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Cabinet Office Propriety and Ethics

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Ministers’ Correspondence with Members of Parliament

Handling correspondence from Members of Parliament: Guidance on drafting answers to parliamentary questions

This guidance gives a list of points to be aware of when drafting answers to parliamentary questions.


1. Never forget Ministers’ obligations to Parliament which are set out in the Ministerial Code:

‘It is of paramount importance that Ministers give accurate and truthful information to Parliament, correcting any inadvertent error at the earliest opportunity. Ministers who knowingly mislead Parliament will be expected to offer their resignation to the Prime Minister.

Ministers should be as open as possible with Parliament and the public, refusing to provide information only when disclosure would not be in the public interest.’

2. It is a civil servant’s responsibility to Ministers to help them fulfil those obligations. It is the Minister’s right and responsibility to decide how to do so. Ministers want to explain and present Government policy and actions in a positive light. Ministers will rightly expect a draft answer that does full justice to the Government’s position.

3. Approach every question predisposed to give relevant information fully, as concisely as possible and in accordance with guidance on disproportionate cost. If there appears to be a conflict between the requirement to be as open as possible and the requirement to protect information whose disclosure would not be in the public interest, you should consult your FOI liaison officer if necessary.

4. Where information is being refused on the grounds of disproportionate cost, there should be a presumption that any of the requested information which is readily available should be provided.

5. Do not omit information sought merely because disclosure could lead to political embarrassment or administrative inconvenience.

6. Where there is a particularly fine balance between openness and non-disclosure, and when the draft answer takes the latter course, this should be explicitly drawn to the Minister’s attention. Similarly, if it is proposed to reveal information of a sort which is not normally disclosed, this should be explicitly drawn to Ministers’ attention. The Minister should also be advised of any relevant FOI cases which are under consideration which could impact on the way the PQ should be answered.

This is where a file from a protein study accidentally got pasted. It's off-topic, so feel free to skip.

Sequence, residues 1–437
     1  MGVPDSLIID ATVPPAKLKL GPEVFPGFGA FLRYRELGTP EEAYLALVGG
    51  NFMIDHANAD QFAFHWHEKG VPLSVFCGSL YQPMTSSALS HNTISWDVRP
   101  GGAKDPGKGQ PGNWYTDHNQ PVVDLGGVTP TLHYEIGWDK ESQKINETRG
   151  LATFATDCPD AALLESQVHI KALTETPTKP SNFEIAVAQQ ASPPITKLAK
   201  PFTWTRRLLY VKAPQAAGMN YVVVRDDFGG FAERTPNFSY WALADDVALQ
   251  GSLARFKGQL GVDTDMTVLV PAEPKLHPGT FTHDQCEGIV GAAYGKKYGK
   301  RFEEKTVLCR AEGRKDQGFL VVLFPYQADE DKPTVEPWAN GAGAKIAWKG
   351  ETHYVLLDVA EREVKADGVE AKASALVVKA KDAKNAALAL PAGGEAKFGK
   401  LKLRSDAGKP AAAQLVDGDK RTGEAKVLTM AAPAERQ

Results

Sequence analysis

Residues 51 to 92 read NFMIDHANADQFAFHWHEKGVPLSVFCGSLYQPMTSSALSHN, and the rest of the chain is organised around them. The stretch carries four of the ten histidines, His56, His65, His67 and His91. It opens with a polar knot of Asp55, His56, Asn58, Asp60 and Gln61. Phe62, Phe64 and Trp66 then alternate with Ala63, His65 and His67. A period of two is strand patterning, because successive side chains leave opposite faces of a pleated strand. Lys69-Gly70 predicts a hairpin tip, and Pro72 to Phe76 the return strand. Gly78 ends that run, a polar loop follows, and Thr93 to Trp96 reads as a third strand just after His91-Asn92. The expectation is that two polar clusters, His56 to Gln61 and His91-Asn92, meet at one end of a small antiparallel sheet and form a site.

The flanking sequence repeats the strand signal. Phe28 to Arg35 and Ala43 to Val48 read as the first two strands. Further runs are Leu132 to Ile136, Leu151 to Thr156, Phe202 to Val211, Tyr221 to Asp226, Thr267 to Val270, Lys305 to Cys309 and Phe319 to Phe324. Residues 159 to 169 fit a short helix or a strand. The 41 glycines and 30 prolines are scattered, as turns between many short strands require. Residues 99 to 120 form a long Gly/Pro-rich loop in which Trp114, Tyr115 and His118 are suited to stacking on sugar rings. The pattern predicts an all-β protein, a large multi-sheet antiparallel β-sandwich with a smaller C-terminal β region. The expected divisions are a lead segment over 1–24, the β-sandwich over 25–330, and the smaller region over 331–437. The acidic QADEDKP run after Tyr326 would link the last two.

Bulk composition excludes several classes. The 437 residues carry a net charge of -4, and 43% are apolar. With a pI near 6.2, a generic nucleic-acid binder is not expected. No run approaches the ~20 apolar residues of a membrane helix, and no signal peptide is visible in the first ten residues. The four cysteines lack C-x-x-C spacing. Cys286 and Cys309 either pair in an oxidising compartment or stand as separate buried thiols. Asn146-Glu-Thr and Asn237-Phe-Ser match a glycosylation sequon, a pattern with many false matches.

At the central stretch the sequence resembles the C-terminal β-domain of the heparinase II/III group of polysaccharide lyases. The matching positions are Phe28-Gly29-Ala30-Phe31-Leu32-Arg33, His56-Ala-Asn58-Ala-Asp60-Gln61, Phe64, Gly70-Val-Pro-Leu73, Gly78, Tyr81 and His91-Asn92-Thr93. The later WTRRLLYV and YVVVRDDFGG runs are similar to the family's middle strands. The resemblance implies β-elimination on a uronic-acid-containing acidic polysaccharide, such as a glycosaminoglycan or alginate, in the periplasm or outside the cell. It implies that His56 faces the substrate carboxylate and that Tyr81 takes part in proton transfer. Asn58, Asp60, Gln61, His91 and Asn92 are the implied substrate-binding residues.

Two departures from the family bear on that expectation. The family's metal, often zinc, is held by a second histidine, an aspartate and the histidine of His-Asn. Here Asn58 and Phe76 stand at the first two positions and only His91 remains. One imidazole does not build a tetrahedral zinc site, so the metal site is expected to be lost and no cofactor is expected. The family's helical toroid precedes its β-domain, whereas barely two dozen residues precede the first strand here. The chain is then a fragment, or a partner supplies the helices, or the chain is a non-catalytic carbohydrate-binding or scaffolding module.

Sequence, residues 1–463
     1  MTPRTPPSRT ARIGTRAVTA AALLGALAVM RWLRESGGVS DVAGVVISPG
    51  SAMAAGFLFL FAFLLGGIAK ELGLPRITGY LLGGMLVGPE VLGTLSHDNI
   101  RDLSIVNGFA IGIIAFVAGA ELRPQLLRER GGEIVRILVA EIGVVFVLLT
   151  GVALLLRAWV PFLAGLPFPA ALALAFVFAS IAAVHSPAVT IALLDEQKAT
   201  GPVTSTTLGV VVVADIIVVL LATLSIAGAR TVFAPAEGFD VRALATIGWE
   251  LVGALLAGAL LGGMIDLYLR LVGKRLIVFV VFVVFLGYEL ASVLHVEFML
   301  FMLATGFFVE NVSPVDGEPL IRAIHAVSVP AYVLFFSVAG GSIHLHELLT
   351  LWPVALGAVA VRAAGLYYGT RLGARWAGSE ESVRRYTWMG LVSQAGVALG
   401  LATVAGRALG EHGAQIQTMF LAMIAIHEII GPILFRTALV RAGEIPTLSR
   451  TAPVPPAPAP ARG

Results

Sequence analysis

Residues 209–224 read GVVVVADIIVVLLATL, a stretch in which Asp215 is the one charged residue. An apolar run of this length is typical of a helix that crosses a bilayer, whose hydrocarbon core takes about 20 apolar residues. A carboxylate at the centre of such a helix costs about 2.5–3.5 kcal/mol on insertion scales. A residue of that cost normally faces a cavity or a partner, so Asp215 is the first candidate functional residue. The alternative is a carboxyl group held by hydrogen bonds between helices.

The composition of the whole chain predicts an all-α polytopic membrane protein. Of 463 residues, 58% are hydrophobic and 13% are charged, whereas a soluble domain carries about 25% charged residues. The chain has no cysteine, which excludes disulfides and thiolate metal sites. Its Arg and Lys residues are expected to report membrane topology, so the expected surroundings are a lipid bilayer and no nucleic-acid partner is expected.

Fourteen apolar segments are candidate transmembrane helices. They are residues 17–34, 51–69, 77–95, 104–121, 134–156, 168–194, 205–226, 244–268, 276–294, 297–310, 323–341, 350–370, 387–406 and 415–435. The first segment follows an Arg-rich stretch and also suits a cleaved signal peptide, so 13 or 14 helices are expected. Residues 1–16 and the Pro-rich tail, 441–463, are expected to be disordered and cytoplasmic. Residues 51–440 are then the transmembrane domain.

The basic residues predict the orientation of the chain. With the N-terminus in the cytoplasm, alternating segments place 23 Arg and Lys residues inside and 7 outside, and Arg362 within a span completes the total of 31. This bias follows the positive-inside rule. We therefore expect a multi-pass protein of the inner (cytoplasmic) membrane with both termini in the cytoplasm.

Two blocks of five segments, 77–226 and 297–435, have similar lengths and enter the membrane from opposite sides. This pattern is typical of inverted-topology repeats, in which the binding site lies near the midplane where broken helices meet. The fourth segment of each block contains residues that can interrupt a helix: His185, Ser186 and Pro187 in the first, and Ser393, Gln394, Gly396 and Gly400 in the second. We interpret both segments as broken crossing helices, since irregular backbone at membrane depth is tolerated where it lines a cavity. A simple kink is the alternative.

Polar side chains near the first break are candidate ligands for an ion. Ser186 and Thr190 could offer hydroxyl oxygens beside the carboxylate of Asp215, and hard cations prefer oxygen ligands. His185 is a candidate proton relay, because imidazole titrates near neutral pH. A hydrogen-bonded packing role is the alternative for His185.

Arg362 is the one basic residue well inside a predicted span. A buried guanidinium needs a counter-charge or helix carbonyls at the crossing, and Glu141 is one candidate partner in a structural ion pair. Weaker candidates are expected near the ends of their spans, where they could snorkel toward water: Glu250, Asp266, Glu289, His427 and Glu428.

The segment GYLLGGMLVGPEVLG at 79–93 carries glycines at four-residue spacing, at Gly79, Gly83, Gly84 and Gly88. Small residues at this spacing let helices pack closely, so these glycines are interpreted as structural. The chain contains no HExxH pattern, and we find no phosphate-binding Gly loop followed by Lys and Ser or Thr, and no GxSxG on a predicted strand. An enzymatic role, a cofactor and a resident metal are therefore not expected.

7. If you conclude that material information must be withheld and the PQ cannot be fully answered as a result, draft an answer which makes this clear and explains the reasons, such as disproportionate cost or the information not being available, or explains in terms similar to those in the Freedom of Information Act (without resorting to explicit reference to the Act itself or to section numbers) the reason for the refusal. For example, ‘The release of this information would prejudice commercial interests’. Take care to avoid draft answers which are literally true but likely to give rise to misleading inferences.

8. Where an MP/Peer tables a question and has also submitted a separate request to the department under FOI, it is reasonable to reply in terms that the issue is currently under consideration. Once a decision has been reached, the MP/Peer should be informed of the answer and a copy of the letter placed in the Libraries of the House. Consideration should also be given to a written ministerial statement in both Houses.

9. Where a decision on an FOI case results in a change of policy and that information which was previously withheld is now being released, consideration should be given to informing both Houses, for example, through written ministerial statement.

10. PQs should be answered within the normal deadlines. In the House of Commons, a Named Day question should receive a substantive response on the day named and an Ordinary Written question should receive a substantive response within a working week of it being tabled. In the House of Lords, questions for Written Answer are expected to be answered within 14 days. Consideration of a parallel FOI request is not a reason to delay an answer to a Parliamentary Question.

Cabinet Office
February 2005